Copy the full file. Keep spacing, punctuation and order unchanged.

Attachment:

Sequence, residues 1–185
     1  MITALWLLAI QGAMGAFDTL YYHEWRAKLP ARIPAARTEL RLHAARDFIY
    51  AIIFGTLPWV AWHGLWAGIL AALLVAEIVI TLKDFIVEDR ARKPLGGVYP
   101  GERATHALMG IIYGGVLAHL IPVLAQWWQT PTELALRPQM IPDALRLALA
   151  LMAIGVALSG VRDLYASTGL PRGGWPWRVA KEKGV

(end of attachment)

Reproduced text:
Sequence, residues 1–185
     1  MITALWLLAI QGAMGAFDTL YYHEWRAKLP ARIPAARTEL RLHAARDFIY
    51  AIIFGTLPWV AWHGLWAGIL AALLVAEIVI TLKDFIVEDR ARKPLGGVYP
   101  GERATHALMG IIYGGVLAHL IPVLAQWWQT PTELALRPQM IPDALRLALA
   151  LMAIGVALSG VRDLYASTGL PRGGWPWRVA KEKGV